Syncope

Douglas J Lanska MD FAAN MS MSPH (Dr. Lanska of the Great Lakes VA Healthcare System and the University of Wisconsin School of Medicine and Public Health has no relevant financial relationships to disclose.)
Originally released October 21, 1993; last updated May 1, 2017; expires May 1, 2020

This article includes discussion of syncope, faint, Stokes-Adams attack, transient loss of consciousness, and vasodepressor syncope. The foregoing terms may include synonyms, similar disorders, variations in usage, and abbreviations.

Overview

Syncope is a specific category of transient loss of consciousness that is “due to transient global cerebral hypoperfusion [and is] characterized by rapid onset, short duration, and spontaneous complete recovery” (Task Force for the Diagnosis and Management of Syncope et al 2009). Narrowing of the field of vision and loss of color vision (graying out) occur, followed by complete loss of vision, loss of consciousness, turning up of the eyeballs, and, possibly, myoclonic jerks. Although the treatment of neurologic or cardiac syncope aims at the underlying cause, the primary treatment of neurovascular syncope consists of patient education and instruction in reasonable precautions.

Key points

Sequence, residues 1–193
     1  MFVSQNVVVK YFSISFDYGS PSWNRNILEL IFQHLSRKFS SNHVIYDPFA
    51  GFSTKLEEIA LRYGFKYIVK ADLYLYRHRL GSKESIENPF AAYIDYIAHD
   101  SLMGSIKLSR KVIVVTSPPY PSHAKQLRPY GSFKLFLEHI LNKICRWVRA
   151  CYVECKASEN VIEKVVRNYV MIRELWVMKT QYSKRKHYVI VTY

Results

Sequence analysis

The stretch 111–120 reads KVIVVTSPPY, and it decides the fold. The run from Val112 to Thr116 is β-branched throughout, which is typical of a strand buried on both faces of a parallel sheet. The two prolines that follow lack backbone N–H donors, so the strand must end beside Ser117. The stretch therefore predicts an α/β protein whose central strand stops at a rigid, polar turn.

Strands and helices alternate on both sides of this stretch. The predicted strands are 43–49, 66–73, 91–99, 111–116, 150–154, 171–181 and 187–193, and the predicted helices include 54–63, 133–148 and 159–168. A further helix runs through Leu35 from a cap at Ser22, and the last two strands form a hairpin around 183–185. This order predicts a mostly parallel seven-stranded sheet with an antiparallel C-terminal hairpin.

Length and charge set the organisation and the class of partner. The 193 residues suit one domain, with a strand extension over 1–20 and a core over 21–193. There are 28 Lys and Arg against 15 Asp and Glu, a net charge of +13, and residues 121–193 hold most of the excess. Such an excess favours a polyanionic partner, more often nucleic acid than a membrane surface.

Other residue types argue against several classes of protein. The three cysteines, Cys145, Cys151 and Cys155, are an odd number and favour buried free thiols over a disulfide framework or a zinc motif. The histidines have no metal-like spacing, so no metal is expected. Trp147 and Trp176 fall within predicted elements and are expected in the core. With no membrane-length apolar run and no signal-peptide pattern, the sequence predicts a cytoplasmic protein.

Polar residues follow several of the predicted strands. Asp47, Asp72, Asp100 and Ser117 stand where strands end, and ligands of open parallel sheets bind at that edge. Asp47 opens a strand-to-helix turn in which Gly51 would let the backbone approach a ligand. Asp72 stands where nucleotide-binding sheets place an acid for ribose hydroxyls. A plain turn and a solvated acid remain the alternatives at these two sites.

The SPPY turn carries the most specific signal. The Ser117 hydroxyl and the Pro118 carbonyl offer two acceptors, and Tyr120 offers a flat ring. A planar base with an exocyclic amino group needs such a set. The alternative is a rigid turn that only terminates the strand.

• Syncope is a specific category of transient loss of consciousness that is “due to transient global cerebral hypoperfusion [and is] characterized by rapid onset, short duration, and spontaneous complete recovery” (Task Force for the Diagnosis and Management of Syncope et al 2009).

 

• Syncope is a prevalent disorder, accounting for 3% to 5% of emergency department visits and 1% to 3% of hospital admissions.

 

• Syncope may be confused with seizure, cryptogenic drop attacks, migraine, basilar thrombosis, or metabolic disturbances.

 

• Unlike true episodes of syncope, episodes of pseudosyncope are not associated with compromised cerebral circulation.

Historical note and terminology

Transient loss of consciousness. Transient loss of consciousness (TLOC) is an umbrella term that encompasses “all disorders that are characterized by self-limited loss of consciousness” (Task Force for the Diagnosis and Management of Syncope et al 2009). Unfortunately, many papers inappropriately equate transient loss of consciousness with syncope, distorting estimates of frequency, and generating confusing conclusions and misleading or incorrect recommendations for assessment and management. Categories of nontraumatic transient loss of consciousness include syncope, epileptic seizures, and psychogenic pseudosyncope (Task Force for the Diagnosis and Management of Syncope et al 2009).

Syncope. Syncope is a specific category of transient loss of consciousness that is “due to transient global cerebral hypoperfusion [and is] characterized by rapid onset, short duration, and spontaneous complete recovery” (Task Force for the Diagnosis and Management of Syncope et al 2009).